Praise the Lord, sing Hallelujah, hang out the bunting and, if you feel so inclined, perhaps do a little jig too: the book I've been waiting for for what feels like bloody ages finally turned up in the post yesterday. Phew. That book isn't this book, however. That book – a Westlake tome, surprisingly enough – I'll come back to, but first we have this book, which I've been meaning to get to for a bit:
A UK hardback first edition of Donald E. Westlake's Good Behaviour, published by Allison & Busby/W.H. Allen & Co. in 1987, with jacket design and illustration by Peter Rozycki. This is the sixth of Westlake's novels starring John Dortmunder and his motley crew of hapless thieves, which I think involves nuns, a kidnapping, and the attempted overthrow of a country. Rather different from previous Dortmunders then.
This copy of the book came alllll the way from Australia; I did find three copies of this edition on sale from the UK online, but one of those was described as having a torn dustjacket, which, on further questioning of the seller, turned out to have a few tears in it and to be "not that good", another was a library re-bind with no jacket, and the final one was too expensive. So Australia it was. Sometimes you have to go to the other side of the world to get what you want.
The reason I wanted this particular edition is, one, I usually prefer to have UK first editions if possible; two, it seems to be a lot scarcer than the 1986 US Mysterious Press first edition (titled, of course, Good Behavior, no "u"); and three, that Mysterious Press first edition isn't actually the true first edition. And therein lies one of those publishing tales that anyone who, like me, works in publishing shivers at the thought of...
Let me take you back to 1985, when US retail company Neiman-Marcus decided to do a deal with Mysterious Press to print a special limited signed, slipcased edition of Good Behavior to be sold through their department stores and catalogues as a Christmas promotion. This edition of the book, restricted to 1000 copies, was scheduled to be on sale eight months before the Mysterious Press edition, making it the proper first edition. A fine idea... except somewhere along the line someone misspelled Neiman-Marcus on the limitation leaf in the book, swapping the "e" and the "i" – and the books printed like that. It's the kind of tiny mistake that brings publishing types out in a cold sweat, and sure enough Neiman-Marcus ordered the whole run destroyed, except for supposedly thirty-six copies (although I suspect a few more escaped).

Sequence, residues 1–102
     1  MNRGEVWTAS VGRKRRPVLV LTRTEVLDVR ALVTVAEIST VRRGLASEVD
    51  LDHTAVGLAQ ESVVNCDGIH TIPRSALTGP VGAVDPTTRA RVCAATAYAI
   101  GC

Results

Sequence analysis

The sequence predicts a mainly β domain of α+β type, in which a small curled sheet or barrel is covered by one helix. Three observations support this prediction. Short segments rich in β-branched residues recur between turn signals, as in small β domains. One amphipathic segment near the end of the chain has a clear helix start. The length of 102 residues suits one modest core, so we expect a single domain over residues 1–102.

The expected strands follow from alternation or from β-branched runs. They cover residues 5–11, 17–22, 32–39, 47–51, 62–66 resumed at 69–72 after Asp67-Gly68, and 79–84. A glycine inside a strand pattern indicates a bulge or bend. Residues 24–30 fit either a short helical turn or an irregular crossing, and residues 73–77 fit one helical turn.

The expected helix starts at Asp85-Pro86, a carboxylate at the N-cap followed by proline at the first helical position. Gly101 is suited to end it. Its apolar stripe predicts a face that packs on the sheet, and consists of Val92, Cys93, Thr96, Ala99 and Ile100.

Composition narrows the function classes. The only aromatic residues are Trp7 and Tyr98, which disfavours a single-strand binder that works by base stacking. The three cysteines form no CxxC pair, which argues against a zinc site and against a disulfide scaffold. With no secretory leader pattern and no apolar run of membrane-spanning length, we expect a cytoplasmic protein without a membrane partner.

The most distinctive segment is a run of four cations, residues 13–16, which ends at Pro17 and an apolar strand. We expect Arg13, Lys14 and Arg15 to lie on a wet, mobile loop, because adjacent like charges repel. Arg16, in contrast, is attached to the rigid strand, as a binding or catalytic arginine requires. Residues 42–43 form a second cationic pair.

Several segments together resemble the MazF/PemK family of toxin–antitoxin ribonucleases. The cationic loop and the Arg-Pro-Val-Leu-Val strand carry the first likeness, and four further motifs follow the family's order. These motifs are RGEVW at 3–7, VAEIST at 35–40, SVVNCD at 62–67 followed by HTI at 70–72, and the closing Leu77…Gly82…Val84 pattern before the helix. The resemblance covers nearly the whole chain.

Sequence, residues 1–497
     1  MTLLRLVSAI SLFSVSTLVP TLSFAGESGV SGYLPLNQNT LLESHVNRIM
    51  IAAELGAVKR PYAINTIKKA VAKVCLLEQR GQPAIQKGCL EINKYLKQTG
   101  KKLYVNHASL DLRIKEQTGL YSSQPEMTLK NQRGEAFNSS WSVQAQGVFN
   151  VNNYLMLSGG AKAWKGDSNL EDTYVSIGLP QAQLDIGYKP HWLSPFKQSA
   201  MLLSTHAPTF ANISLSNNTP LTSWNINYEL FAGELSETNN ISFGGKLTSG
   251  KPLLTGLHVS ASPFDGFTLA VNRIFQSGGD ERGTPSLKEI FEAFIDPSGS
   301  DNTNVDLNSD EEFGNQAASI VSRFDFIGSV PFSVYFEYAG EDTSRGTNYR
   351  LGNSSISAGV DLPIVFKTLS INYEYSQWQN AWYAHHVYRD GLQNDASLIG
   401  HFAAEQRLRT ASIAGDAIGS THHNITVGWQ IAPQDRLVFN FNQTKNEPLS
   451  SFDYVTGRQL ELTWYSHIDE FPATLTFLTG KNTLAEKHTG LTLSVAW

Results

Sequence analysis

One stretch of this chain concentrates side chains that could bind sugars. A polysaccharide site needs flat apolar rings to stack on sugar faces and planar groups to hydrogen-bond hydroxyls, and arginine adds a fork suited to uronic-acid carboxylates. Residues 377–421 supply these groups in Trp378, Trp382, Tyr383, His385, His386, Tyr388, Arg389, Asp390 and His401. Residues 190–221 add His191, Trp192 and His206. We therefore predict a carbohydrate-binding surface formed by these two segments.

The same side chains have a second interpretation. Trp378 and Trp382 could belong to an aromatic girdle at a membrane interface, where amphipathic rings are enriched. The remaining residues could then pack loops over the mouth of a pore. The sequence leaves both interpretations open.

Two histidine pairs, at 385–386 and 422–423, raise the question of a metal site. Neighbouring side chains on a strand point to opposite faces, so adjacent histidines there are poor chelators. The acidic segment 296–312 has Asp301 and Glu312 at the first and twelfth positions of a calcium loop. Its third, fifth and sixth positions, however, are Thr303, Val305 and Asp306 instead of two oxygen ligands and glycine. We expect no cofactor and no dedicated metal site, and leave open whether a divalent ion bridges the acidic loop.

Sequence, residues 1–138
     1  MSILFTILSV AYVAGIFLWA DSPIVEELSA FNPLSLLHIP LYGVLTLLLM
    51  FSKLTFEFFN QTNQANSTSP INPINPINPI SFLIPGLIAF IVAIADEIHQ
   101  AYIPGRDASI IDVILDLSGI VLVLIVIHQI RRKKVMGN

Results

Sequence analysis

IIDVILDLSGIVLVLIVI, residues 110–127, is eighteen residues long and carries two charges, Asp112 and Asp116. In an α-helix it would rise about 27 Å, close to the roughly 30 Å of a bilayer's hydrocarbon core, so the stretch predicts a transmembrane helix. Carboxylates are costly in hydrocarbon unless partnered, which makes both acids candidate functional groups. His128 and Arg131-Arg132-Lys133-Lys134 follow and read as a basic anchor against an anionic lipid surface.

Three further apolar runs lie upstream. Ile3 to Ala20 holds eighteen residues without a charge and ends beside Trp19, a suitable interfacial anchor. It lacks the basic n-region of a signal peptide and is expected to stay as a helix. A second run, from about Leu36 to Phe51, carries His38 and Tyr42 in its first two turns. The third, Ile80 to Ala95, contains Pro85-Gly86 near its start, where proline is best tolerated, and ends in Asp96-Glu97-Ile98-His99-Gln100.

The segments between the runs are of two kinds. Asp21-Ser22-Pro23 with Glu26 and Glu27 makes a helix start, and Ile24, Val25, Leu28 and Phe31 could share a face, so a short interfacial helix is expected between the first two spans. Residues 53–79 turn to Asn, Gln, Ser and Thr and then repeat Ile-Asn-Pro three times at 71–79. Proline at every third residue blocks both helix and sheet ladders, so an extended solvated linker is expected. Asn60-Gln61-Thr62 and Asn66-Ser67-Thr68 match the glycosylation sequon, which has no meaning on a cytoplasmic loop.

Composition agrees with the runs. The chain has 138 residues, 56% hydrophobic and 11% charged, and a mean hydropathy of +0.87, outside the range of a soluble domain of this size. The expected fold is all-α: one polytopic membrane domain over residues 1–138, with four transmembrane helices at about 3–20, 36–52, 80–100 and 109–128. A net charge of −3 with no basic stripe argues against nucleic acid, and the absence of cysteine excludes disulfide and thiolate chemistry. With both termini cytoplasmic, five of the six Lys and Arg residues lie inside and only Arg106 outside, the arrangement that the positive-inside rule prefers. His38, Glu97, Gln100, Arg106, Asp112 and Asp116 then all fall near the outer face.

You can find Neiman-Marcus copies online easily, often for not that much money, so it's not as scarce as you might think. But I do feel for the poor sod who missed that mistake. I've had similar experiences myself, and it's not a nice place to find yourself.
Anyway. As for the other Westlake Score I mentioned at the beginning, that one completes another run of Westlake books for me, so I'll be blogging about that soon. If I don't get to it before the end of the week, however, might I direct my fellow Stark/Westlake obsessives to previous Westlake posts from this week you might have missed, either on Existential Ennui or elswehere; The Week in Westlake, if you will:
Richard Stark, Robert McGinnis, and the Search for the Perfect Parker
Dortmunder Daze: A Donald Westlake Dortmunder First Edition Cover Gallery
Westlake Score: Why Me by Donald E. Westlake
Book Glutton: Petty Complaints
Book Glutton: Arms and the Man with the Getaway Face
Violent World of Parker: Good news from University of Chicago Press